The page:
Today an edited extract from my latest book The Planner because, between now and 23 December, if you buy my online course you will receive a free copy which means, should you have cause to be buying presents for any reason over the next few weeks (ahem) you can give someone something to unwrap on the day and something to do afterwards or, if necessary you can get two presents for the price of one.
So today I wanted to talk about the bedroom and give you some ideas to ponder if you are planning a refresh of yours or moving to a new one. The temptation for most of us is to take the largest bedroom for ourselves – the so-called and, increasingly offensively named, master – and put the kids in smaller rooms. But, think about it. I’m guessing that you, as an adult, don’t have a huge pile of plastic tat including a play kitchen or a train-set. Do you also have to sleep with 47 cuddly toys that need space on the floor when they are kicked off in the night?
In our last house we put the boys in the largest bedroom in bunk beds with cupboards in the alcoves and lots of floorspace to play. We took the second bedroom which was perfectly big enough for our bed and our clothes storage. And if you don’t share your house, then by all means take the biggest bedroom, but consider how you are using the space. It may be that you can install a false wall behind which you can create a wardrobe that will hide all the clutter a well as providing lots of storage and then you can leave your sleep area with just a bed and it will be tidier and more zen and you will sleep better. All round win. That is what we did – see below.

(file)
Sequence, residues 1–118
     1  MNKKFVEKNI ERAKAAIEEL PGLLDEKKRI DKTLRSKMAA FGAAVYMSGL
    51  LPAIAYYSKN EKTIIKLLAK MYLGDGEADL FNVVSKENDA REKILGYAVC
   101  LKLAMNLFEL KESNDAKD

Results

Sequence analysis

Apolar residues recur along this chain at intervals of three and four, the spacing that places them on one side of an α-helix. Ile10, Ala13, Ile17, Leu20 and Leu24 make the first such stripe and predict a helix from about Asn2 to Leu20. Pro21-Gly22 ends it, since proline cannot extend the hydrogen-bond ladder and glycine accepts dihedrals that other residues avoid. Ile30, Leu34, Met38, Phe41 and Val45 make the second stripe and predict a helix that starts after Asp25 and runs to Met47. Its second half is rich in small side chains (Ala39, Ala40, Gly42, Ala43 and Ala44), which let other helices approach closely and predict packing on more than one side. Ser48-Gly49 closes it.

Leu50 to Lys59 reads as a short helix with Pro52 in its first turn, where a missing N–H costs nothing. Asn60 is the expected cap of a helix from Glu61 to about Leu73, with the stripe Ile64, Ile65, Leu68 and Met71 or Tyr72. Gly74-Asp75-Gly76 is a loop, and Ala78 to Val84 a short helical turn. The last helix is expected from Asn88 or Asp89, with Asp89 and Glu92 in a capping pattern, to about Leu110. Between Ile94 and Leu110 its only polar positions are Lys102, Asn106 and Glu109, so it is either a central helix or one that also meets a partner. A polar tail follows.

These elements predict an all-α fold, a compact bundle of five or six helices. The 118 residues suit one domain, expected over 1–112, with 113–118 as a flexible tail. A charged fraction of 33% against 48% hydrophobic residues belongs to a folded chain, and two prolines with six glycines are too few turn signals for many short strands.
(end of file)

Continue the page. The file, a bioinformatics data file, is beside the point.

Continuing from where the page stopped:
In period houses the obvious solution is to build wardrobes in the alcoves either side of the fireplace but they are rarely deep enough for this and will stick out beyond the fireplace. This also often means you have a huge amount of space round the bed which isn’t doing anything and not enough room for your clothes. So:
1 Built-in wardrobes will give you 30 per cent more storage than free-standing. Build them up to the ceiling and paint them to match the other walls so they don’t dominate the space. If you have existing ones you don’t like you can paint them, paper them or even stick a thin layer of foam and cover it in material to give an upholstered feel.
In a large room think about building a false wall with an entrance/gap at either end behind which you can add rails, storage, or even a desk area, and put the bed in front. This will allow you to keep the bedroom tidy and clutter-free which will lead to a better night’s sleep. You can either paint it to match the other walls, which will almost make the space behind it disappear or you can make a feature of it. A reminder on feature walls; there’s nothing wrong with them as long as they are introduced to the rest of the room. So match the feature wall to the skirting boards or other woodwork. In my bedroom the wall matches the bedhead and gives the bed more presence.